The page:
5V: Reducing the fan to 5V puts the finishing touches on the improvement in noise that was seen at 7V. In most environments, the ambient noise level will be higher than the noise produced by the Kamaboko. A subjective listening test revealed no turbulence noise and only the faintest trace of motor hum in the lowest audible frequency range. The buzz that became audible at 7V is now the main source of noise, but, as mentioned, it is inaudible further than a couple of feet away. This fan would be at home in a truly silent system, and would be below ambient noise under almost all circumstances.

The performance hit to achieve silence with this fan is not terribly large. A 3°C rise from the 7V level is probably acceptable under most circumstances. However, as at 7V, the range of systems that can be cooled at this level is restricted. It would probably be worth running the fan at 5V rather than 7V, since most systems that can be cooled at 7V can also be cooled at 5V. Our guess is that the difference cooling effectiveness represents about a 200 MHz difference ¬ó about one processor model step. The difference in noise between 5V and 7V is quite dramatic, since in many cases it will be the difference between a quiet system and a silent one.

Recordings of Comparable HSF:

MP3: Arctic Cooling Super Silent 4 Ultra TC MP3, 22 dBA/1m

MP3: Panaflo 80L - 7V - 17 dBA/1m -- on most any heatsink

MP3: Coolermaster Hyper 48 - 9V - 21 dBA/1m

HOW TO LISTEN & COMPARE

These recordings were made with a high resolution studio quality digital recording system. The microphone was 3" from the edge of the fan frame at a 45° angle, facing the intake side of the fan to avoid direct wind noise. The ambient noise during all recordings was 18 dBA or lower. It is best to download the sound files to your computer before listening.

To set the volume to a realistic level (similar to the original), try playing this Nexus 92mm case fan @ 5V (17 dBA/1m) recording and set the volume so that it is barely audible. Then don't reset the volume and play the other sound files. Of course, all tone controls and other effects should be turned off or set to neutral. For more details on how to calibrate your sound system playback level to get the most valid listening comparison, please see the yellow text box entitled Listen to the Fans on page four of the article SPCR's Test / Sound Lab: A Short Tour.

CONCLUSIONS

Aside from being marketed as inexpensive, the Kamaboko is also sold as a quiet heatsink. The Kamaboko lives up to its billing. With the help of a simple voltage controller, it is quite suitable for a silent PC.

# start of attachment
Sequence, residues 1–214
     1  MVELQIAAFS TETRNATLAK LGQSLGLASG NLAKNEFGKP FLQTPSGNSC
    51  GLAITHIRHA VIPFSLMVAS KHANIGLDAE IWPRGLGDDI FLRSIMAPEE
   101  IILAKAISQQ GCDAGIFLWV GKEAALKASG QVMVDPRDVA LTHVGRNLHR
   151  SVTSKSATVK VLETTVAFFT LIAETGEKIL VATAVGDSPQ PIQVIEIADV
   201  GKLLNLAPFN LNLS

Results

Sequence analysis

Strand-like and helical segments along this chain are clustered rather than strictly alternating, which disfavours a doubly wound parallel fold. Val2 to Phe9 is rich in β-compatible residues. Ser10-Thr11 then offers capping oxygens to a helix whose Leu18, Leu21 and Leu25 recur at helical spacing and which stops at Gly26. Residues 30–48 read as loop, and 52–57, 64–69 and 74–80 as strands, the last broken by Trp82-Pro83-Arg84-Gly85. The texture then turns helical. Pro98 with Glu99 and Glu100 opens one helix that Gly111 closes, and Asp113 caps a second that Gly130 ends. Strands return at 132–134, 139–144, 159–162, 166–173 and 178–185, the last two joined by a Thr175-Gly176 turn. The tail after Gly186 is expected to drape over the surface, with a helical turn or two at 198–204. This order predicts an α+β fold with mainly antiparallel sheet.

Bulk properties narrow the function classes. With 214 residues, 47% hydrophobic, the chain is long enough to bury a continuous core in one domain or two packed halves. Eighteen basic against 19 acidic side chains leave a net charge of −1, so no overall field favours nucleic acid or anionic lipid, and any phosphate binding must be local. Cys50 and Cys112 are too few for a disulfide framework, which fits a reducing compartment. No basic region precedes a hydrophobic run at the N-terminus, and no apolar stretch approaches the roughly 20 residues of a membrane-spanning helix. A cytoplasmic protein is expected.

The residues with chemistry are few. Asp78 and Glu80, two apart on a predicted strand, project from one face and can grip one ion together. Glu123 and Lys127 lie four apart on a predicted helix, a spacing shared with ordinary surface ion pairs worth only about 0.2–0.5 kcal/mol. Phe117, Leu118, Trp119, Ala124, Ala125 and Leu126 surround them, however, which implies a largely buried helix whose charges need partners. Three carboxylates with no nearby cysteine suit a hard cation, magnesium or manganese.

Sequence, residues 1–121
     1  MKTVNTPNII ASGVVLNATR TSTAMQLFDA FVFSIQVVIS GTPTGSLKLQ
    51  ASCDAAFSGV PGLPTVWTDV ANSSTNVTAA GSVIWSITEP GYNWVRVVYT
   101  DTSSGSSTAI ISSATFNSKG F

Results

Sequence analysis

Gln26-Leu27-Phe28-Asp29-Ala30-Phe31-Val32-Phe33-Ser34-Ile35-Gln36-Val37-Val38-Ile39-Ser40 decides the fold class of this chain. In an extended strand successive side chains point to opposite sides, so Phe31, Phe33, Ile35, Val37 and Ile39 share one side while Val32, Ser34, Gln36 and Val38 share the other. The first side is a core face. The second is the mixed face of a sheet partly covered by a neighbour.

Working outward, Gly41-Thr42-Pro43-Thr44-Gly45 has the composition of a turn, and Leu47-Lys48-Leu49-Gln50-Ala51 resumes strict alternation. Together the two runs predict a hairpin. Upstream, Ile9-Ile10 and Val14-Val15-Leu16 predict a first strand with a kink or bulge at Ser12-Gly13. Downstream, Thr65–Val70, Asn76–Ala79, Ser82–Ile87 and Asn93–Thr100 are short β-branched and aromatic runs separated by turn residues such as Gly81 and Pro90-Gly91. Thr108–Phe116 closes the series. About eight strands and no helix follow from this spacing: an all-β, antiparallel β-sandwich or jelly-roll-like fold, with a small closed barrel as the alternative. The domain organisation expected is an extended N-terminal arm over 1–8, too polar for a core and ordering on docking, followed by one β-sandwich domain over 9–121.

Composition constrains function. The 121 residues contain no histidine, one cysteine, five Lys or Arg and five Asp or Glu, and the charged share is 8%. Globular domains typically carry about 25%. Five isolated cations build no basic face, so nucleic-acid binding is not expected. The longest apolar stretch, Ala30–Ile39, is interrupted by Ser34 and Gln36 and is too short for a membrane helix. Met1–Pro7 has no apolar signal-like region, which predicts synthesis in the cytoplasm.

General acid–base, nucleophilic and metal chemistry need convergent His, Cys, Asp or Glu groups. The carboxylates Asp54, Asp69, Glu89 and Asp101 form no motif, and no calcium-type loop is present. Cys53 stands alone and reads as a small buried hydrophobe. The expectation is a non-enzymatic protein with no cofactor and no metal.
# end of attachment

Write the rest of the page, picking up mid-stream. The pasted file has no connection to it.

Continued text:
One aspect of the Kamaboko's design that we did not test was its performance with external airflow. It is possible that the elevated position of the fan allows for a significant improvement in performance if a secondary fan is used to suck airflow through the channel underneath the fan. This could be a case exhaust fan or a power supply with a bottom mounted fan depending on the the orientation of the Kamaboko on your particular motherboard. Keep in mind that this is just conjecture until somebody decides to test it out and post the results on the forums (hint hint).

The disadvantage of the Kamaboko is its cooling performance. It is possible that the Kamaboko could handle a high-heat Prescott processor with the fan at full speed in a case with good airflow; there's no way it could do that with reduced fan speed. The suitability of the Kamaboko is highly dependent on the system in which it is used: It could be wonderfully quiet or horribly inefficient depending on how much heat it is asked to sink.

Realistically, if you want to run the fan quietly, we would not recommend using this HSF with a CPU any hotter than our test platform's P4-2.8 Northwood, which is hardly burning edge by Intel standards. It will do fine with most recent Athlon 64s or Semprons, which run as cool or cooler than the P4-2.8 Northwood. The bottom line is that it is a relatively small, not particularly effective heatsink mated to a very quiet 92mm fan. We expect the Kamaboko Z to be a better performer (but that model is equipped with a different 92mm fan, one with a variable speed control, which could be very different acoustically).

Pros

* Quiet fan can be made silent by undervolting
* Modest price
* Broad CPU / socket compatibility
* Modest weight

Cons

* Modest cooling performance
* Non-Socket 478 systems require elaborate mounting procedure
* Extremely tight mounting clips

Finally, here is a photo of the Kamaboko Z that helps explain the curiously large gap between the fan and the top of the cooling fins:

Much thanks to Scythe USA for the Kamaboko sample. (We would have preferred the Z, though.)